But then he continued, “I think electing Donald Trump would be the second-worst thing we could do this November, better only than electing Hillary Clinton to serve as the third term for the Obama administration’s radical policies,” concluding the article with an endorsement for Trump.

Jindal, who ran the Louisiana Health and Hospitals Department in his mid-20s, holds a number of titles: the youngest president of the University of Louisiana System, the second Indian American in Congress, the first Indian American governor in the U.S., and the second youngest governor of Louisiana. He is no stranger to the federal Health and Human Services Department either, as he was an assistant secretary there early in President George W. Bush’s administration.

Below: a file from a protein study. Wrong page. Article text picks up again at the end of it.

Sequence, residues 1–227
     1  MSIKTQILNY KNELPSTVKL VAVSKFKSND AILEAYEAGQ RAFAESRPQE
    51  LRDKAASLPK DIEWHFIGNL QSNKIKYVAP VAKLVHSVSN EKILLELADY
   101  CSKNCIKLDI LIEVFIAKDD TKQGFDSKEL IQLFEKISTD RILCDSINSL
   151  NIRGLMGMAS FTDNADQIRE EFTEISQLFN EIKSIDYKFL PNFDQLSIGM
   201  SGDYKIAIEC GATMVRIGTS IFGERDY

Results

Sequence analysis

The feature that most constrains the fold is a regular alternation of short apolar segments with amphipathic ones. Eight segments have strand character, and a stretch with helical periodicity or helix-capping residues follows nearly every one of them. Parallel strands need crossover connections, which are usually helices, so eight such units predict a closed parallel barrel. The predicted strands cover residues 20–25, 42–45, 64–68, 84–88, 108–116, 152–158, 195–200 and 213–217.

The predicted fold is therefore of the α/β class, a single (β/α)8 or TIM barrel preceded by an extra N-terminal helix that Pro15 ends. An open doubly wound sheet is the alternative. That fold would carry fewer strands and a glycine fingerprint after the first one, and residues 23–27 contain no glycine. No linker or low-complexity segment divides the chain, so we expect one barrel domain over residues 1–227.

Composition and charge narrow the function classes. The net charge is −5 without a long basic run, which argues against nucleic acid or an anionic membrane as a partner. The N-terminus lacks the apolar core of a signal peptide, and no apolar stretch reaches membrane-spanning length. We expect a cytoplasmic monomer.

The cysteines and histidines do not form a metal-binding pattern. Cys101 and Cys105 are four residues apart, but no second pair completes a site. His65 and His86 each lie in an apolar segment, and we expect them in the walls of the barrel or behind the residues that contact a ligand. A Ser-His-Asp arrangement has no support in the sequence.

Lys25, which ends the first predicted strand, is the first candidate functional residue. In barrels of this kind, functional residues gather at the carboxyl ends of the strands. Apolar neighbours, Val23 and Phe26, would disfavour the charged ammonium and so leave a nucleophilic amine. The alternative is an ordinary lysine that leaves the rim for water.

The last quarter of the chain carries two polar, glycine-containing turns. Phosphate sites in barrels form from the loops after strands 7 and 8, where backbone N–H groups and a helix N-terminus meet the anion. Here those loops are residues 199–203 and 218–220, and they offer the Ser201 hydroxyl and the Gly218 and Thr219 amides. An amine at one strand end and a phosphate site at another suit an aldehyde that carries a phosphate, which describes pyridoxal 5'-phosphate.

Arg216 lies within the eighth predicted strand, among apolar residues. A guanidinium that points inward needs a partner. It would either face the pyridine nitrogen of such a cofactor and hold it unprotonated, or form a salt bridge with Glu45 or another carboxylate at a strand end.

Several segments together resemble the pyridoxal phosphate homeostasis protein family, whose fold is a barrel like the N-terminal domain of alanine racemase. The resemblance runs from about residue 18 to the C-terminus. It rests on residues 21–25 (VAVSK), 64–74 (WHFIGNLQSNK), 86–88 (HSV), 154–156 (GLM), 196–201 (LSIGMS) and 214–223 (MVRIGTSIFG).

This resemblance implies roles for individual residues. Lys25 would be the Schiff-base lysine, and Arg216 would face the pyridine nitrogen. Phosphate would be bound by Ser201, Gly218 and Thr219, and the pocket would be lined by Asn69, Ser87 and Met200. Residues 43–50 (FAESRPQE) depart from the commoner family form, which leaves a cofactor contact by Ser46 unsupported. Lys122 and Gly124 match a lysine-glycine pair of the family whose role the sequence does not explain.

From 2005 to 2007 as a member of the House, Jindal raised a total of $4.6 millionin contributions. He garnered the most financial support from individuals and PACs in the health sector, who donated a total of $728,772. This includes $413,195 from health professionals, $121,641 from the pharmaceuticals industry, $105,750 from hospitals and $83,131 from the health services industry.

During his one unsuccessful Louisiana gubernatorial campaign in 2003 and two subsequent successful campaigns, he raised a total of $35.2 million. The health sector again topped contributions by giving $1.9 million over the years, closely followed by the finance sector, including $37,500 from nursing care provider Magnolia Management and $20,000 from Louisiana Hospital Association.